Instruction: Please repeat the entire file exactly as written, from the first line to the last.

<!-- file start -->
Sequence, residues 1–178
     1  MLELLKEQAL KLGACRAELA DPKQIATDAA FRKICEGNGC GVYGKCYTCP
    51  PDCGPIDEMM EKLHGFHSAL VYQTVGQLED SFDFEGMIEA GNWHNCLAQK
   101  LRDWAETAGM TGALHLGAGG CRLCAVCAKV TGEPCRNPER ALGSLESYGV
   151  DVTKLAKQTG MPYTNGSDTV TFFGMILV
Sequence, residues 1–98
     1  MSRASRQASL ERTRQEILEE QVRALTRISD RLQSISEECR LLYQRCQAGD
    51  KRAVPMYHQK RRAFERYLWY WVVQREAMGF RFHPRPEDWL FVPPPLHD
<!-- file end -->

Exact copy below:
Sequence, residues 1–178
     1  MLELLKEQAL KLGACRAELA DPKQIATDAA FRKICEGNGC GVYGKCYTCP
    51  PDCGPIDEMM EKLHGFHSAL VYQTVGQLED SFDFEGMIEA GNWHNCLAQK
   101  LRDWAETAGM TGALHLGAGG CRLCAVCAKV TGEPCRNPER ALGSLESYGV
   151  DVTKLAKQTG MPYTNGSDTV TFFGMILV
Sequence, residues 1–98
     1  MSRASRQASL ERTRQEILEE QVRALTRISD RLQSISEECR LLYQRCQAGD
    51  KRAVPMYHQK RRAFERYLWY WVVQREAMGF RFHPRPEDWL FVPPPLHD